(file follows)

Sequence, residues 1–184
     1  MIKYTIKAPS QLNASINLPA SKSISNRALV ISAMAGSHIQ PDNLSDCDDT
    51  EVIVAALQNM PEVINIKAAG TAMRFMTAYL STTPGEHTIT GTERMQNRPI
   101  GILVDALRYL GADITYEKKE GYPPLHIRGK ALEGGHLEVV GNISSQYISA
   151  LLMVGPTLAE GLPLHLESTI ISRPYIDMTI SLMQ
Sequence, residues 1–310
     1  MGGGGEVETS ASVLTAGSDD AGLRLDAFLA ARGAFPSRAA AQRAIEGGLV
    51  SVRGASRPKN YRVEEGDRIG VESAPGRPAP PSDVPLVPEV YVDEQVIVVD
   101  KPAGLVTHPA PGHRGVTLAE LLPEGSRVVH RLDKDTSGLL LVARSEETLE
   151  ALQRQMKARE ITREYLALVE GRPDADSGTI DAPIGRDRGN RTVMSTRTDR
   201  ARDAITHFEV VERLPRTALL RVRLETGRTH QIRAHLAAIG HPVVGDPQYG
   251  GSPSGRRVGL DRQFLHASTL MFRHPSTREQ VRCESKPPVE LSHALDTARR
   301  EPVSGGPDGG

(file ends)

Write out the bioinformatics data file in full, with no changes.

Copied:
Sequence, residues 1–184
     1  MIKYTIKAPS QLNASINLPA SKSISNRALV ISAMAGSHIQ PDNLSDCDDT
    51  EVIVAALQNM PEVINIKAAG TAMRFMTAYL STTPGEHTIT GTERMQNRPI
   101  GILVDALRYL GADITYEKKE GYPPLHIRGK ALEGGHLEVV GNISSQYISA
   151  LLMVGPTLAE GLPLHLESTI ISRPYIDMTI SLMQ
Sequence, residues 1–310
     1  MGGGGEVETS ASVLTAGSDD AGLRLDAFLA ARGAFPSRAA AQRAIEGGLV
    51  SVRGASRPKN YRVEEGDRIG VESAPGRPAP PSDVPLVPEV YVDEQVIVVD
   101  KPAGLVTHPA PGHRGVTLAE LLPEGSRVVH RLDKDTSGLL LVARSEETLE
   151  ALQRQMKARE ITREYLALVE GRPDADSGTI DAPIGRDRGN RTVMSTRTDR
   201  ARDAITHFEV VERLPRTALL RVRLETGRTH QIRAHLAAIG HPVVGDPQYG
   251  GSPSGRRVGL DRQFLHASTL MFRHPSTREQ VRCESKPPVE LSHALDTARR
   301  EPVSGGPDGG